Two uncannily compatible forces of nature come together on this magnificent collaboration to deliver an immense, fully immersive experience accentuating the tininess and insignificance of mankind lost within the vastness of the endless cosmos, all life sure to perish and fade to nothing, hunted down and crushed to dust by the infinity of time and space. Existence not even a twinkle in the light of the stars that spawned us; all cursed to disappear, even the great creators of the cosmos themselves – the stars – destined to burn out eventually, long after humanity’s futile floundering and posturing has ceased.

Each act offers two lengthy interstellar conjurations. From Almyrkvi, the wondrous Icelandic enigma fronted by multi-instrumentalist Garðar S. Jónsson alongside his Sinmara and Slidhr associate Bjarni Einarsson on drums, the shimmering ‘Asomatous Grove’ opens proceedings in a magical, enchanting maelstrom of cosmic Blut Aus Nord worship, the song-writing and musicianship perfect, the music atmospheric and accessible yet disturbing and frightening. Almyrkvi has evolved into a stunning, extremely significant entity in its own right and the quality and quantity quotients remain reassuringly high through ‘Managarmr’. This is music that will fill you with wonder, take your breath away, with the ability to transport you to a timeless place if you close your eyes and let your imagination take over.

With each act effectively offering an MLP worth of material, there’s plenty here to get your teeth into (almost 43 minutes in total) and endless replay value to be enjoyed. Deep bass-, percussion- and chant-driven, ‘The Grand Nebula Pulse’ demonstrates once more why The Ruins Of Beverast deserves to be recognised as perhaps the greatest one-man musical act on the face of this soon-to-be-scorched planet. True to form, the inspired Alexander von Meilenwald delivers a masterclass of restraint and control, producing a mesmerising, infectious, crawling funereal hymn for the little stone on the outskirts of the multiverse(s). I find it amazing that one person can compose and perform music like this, making his vision a reality, almost invariably in a mind-blowing manner.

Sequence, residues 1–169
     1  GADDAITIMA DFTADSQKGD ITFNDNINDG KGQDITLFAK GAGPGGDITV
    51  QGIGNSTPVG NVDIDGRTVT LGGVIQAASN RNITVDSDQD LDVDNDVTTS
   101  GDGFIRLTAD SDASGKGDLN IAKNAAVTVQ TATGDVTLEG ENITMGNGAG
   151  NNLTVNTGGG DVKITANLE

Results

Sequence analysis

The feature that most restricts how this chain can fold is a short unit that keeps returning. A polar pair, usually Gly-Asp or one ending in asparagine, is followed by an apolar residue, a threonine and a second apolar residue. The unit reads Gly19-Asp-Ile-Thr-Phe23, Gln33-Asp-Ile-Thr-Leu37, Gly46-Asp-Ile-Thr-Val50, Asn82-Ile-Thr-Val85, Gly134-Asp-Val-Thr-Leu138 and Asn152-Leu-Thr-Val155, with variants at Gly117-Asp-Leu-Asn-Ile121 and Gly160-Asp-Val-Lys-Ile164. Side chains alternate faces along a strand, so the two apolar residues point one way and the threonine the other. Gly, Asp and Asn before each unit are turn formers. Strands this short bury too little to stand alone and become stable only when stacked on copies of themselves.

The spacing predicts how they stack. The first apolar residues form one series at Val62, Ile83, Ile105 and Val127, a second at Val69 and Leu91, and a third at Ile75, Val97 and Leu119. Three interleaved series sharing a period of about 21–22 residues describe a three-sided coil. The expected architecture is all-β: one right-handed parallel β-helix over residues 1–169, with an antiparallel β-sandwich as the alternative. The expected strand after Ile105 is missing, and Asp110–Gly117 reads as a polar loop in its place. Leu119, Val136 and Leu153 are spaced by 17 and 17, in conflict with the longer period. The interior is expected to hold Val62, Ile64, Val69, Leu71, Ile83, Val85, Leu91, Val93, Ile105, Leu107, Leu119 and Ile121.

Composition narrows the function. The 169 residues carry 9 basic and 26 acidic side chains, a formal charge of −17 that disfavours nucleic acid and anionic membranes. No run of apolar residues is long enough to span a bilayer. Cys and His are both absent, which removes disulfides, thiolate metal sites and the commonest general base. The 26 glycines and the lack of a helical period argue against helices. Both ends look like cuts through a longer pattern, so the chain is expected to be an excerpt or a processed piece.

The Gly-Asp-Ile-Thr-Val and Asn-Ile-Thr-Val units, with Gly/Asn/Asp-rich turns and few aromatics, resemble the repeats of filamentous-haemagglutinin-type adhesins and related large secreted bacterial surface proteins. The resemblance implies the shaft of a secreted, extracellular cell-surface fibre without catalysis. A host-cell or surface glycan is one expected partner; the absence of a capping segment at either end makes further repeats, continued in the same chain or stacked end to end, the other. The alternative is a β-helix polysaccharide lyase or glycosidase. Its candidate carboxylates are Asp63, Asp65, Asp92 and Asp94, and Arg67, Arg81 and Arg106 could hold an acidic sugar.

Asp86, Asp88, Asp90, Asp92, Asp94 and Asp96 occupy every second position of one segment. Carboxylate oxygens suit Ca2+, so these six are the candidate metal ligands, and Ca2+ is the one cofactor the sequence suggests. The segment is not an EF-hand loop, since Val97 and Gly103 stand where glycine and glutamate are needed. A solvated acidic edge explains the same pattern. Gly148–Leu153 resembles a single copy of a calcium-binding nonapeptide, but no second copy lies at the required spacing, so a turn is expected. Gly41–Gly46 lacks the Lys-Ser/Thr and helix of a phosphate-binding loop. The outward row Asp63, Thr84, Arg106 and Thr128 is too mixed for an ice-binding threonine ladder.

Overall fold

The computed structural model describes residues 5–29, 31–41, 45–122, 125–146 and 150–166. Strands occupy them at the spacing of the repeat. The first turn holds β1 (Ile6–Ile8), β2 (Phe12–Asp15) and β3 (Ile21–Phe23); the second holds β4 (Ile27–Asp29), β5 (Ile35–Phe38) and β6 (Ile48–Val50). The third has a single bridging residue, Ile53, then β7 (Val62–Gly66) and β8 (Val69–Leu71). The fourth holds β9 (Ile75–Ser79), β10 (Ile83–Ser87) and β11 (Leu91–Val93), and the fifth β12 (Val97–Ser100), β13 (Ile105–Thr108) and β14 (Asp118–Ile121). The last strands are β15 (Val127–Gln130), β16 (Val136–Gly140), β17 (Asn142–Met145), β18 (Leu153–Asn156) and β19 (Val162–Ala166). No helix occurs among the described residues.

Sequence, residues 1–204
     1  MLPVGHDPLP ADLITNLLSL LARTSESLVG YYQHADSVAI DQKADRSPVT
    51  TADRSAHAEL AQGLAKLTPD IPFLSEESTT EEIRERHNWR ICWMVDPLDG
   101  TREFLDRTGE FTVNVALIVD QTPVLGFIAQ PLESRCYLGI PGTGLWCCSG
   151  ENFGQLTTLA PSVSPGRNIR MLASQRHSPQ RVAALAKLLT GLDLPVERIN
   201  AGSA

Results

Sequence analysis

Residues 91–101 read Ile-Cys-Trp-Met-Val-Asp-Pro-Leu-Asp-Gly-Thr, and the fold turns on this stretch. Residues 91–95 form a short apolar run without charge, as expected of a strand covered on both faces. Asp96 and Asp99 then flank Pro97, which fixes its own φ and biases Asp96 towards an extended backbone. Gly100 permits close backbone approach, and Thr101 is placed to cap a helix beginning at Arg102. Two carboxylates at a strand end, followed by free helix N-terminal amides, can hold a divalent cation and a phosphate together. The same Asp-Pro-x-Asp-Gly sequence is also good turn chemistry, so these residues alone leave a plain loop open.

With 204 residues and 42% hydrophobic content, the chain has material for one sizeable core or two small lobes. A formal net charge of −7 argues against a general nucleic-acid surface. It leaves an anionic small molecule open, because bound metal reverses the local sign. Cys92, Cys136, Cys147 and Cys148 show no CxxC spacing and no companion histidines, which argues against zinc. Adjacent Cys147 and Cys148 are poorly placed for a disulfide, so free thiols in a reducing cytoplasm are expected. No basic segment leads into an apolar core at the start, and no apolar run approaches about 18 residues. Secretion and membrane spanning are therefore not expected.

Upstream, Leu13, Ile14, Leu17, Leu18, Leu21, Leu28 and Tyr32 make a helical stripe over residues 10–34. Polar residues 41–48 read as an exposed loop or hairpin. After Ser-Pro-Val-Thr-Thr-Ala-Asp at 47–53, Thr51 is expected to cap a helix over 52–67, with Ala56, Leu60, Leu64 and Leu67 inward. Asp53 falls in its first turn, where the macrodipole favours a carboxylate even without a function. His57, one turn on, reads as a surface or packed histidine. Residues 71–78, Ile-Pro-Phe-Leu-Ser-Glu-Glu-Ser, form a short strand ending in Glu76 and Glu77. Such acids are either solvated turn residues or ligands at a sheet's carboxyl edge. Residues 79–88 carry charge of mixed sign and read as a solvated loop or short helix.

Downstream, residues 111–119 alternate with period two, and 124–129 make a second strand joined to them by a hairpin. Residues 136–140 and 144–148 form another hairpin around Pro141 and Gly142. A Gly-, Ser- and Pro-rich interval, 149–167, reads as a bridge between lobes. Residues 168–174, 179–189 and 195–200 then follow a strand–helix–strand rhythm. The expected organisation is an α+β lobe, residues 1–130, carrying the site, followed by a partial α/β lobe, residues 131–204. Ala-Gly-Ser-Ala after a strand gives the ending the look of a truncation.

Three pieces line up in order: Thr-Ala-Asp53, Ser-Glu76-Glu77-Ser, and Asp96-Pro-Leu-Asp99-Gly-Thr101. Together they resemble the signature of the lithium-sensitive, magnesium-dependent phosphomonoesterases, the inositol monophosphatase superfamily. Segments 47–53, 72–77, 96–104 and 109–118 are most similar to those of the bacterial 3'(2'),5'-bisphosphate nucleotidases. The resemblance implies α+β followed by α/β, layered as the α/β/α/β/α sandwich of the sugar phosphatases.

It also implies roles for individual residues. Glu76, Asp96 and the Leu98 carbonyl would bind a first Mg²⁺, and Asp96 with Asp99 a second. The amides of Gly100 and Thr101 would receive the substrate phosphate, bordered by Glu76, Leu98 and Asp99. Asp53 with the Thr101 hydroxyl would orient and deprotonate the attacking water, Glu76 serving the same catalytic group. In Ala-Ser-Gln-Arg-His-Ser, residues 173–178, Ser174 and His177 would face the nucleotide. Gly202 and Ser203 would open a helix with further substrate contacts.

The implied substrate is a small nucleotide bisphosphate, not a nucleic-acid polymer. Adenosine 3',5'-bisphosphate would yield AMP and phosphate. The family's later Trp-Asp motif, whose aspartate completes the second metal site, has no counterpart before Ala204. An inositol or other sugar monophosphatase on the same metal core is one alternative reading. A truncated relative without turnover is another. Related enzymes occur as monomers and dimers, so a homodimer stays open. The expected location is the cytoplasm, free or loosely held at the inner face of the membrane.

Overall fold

In the wake of this hypnotic dirge, ‘Hunters’ is faster and more frenzied and ominous, a swirling, all-engulfing storm of cosmic dust darkening the skies and signalling an end which is inevitable. Finally, a sombre, foreboding solo escorts us to oblivion, bringing the curtain down on a fascinating, multifaceted record that deserves to be absorbed and acknowledged not just within the extreme metal underground. But of course that isn’t going to happen.

Evilometer: 666/666